First, it was her comment in a private conversation at Buckingham Palace about the “very rude” Chinese officials who came to London last October in advance of their president’s state visit to Britain.
And then she was recorded on a pooled video feed chatting with Prime Minister David Cameron as he boasted about the “fantastically corrupt” countries — such as Afghanistan and Nigeria — coming to London later in the week for an international “Anti-Corruption Summit.” The Queen listened attentively, but said nothing in reply.
Regarding China, we can only assume that Chinese-British relations will weather the storm. The Queen is a nice lady, after all. But it’s the prime minister’s remarks about the “fantastically corrupt” that provoked more attention.
With a video camera so close, was Cameron aware that his remarks would be made public? Was this his way of attracting attention to his upcoming summit?
Or, as his critics were saying, was he incomplete when he cited only Afghanistan and Nigeria on the list of the “fantastically corrupt?”
Shouldn’t he also have included major powers such as Britain and the United States as part of this rogues’ gallery? It is these countries, after all, that knowingly encourage the phoney shell companies, tax havens, money laundering, secret bank accounts and rampant bribery that ensure a culture of endemic corruption in the developing world.
The answer to this last question is: “Yes, yes, a thousand times yes.”
The annual Anti-Corruption Summit, which was held on Thursday, attracted heads of state and government ministers from 40 countries. Ralph Goodale, minister of public safety, represented Canada.
It was ironic that it was held in London, regarded by many as the world’s money-laundering capital, a reputation reinforced by the latest disclosures of the so-called Panama Papers. These documents included 11.5 million internal records disclosing the financial secrets of heads of state, billionaires, drug lords, celebrities and others.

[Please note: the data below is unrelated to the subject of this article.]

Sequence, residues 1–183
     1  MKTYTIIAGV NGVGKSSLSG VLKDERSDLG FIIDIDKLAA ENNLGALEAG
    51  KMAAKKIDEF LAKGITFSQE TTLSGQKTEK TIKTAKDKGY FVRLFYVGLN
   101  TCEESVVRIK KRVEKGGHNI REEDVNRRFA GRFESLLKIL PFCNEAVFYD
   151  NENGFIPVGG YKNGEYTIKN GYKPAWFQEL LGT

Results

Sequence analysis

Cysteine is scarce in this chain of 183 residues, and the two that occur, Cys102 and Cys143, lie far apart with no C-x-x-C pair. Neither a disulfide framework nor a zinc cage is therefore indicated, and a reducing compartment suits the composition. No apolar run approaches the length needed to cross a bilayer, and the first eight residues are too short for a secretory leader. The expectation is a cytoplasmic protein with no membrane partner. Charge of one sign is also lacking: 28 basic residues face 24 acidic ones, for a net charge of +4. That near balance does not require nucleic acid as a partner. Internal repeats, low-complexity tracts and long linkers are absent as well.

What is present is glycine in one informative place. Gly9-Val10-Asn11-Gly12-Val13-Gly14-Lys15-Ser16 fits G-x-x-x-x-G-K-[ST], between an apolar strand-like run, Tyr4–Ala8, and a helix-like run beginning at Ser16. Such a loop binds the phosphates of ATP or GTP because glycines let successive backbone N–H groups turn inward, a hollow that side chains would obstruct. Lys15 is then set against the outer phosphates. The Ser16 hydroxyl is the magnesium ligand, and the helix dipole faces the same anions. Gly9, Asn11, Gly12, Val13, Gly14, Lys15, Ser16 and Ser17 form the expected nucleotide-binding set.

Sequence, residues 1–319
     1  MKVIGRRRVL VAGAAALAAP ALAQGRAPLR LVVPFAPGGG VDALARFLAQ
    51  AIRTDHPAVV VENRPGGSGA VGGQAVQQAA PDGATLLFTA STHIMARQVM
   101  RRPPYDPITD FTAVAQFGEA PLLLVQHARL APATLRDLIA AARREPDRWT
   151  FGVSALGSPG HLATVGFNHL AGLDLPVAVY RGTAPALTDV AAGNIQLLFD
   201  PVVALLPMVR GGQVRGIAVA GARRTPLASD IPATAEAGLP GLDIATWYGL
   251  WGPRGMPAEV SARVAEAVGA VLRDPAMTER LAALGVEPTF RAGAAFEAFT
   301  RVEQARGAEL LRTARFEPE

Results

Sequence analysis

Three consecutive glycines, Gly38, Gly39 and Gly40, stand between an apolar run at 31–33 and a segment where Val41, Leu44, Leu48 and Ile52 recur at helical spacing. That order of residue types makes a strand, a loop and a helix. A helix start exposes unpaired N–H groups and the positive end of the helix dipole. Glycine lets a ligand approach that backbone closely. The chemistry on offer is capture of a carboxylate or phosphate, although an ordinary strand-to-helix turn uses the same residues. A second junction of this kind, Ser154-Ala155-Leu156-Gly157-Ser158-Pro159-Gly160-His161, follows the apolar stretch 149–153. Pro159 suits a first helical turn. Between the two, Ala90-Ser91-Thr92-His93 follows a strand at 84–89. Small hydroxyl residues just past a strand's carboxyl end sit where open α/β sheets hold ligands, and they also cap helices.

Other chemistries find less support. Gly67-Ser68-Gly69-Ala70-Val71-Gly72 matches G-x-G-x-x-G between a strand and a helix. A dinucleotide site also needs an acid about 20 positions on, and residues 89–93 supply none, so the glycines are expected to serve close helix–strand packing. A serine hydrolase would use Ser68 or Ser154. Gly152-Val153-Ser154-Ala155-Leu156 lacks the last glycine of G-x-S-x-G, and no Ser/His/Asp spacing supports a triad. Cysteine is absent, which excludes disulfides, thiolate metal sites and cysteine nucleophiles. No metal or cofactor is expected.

Cameron has been under attack for Britain’s role in fostering global corruption, and he hoped this summit would turn that around. However, the meeting had only mixed results. There were many pious promises but few concrete commitments.
Perhaps the most important achievement, at least in Cameron’s view, was an agreement to publish a register of who really owns what companies. That has been a major goal of global anti-corruption groups. But only six countries at this point have signed on to this agreement: Britain, France, the Netherlands, Kenya, Afghanistan and Nigeria. Canada has not signed on, and it is unclear whether the agreement will apply to Britain’s overseas territories.
One of those territories is the British Virgin Islands. According to the Panama Papers, it is one of the most popular tax havens in the world, with a population of 28,000 and more than one million registered companies. But its officials have indicated they have no intention of taking part in any British-sponsored public register of who own what.
Nigerian President Muhammadu Buhari attended the summit and he was asked whether his country was “fantastically corrupt,” as Cameron had claimed. Buhari replied “yes,” but said he wasn’t asking for an apology: “What I am demanding is the return of assets” corruptly taken from Nigeria and now held in Britain: “What would I do with an apology?”
Before Thursday’s summit, more than 300 economists, including several Nobel Prize winners, signed a letter to world leaders stressing there is no economic benefit to tax havens. They demanded that the secrecy that surrounds them end.
One of the signatories was Jeffrey Sachs, an adviser to the UN’s secretary general. In a commentary in The Guardian newspaper, Sachs wrote that Cameron’s job at the summit “is not to whisper about the corruption of Nigeria and Afghanistan but to end the deep and historic role of the United Kingdom in this sordid mess. Ditto for the U.S. and other major parties to the abuse.”
Sadly, as we look at the meagre results of the summit, it is clear that Sachs did not get his wish.
Author: Tony Burman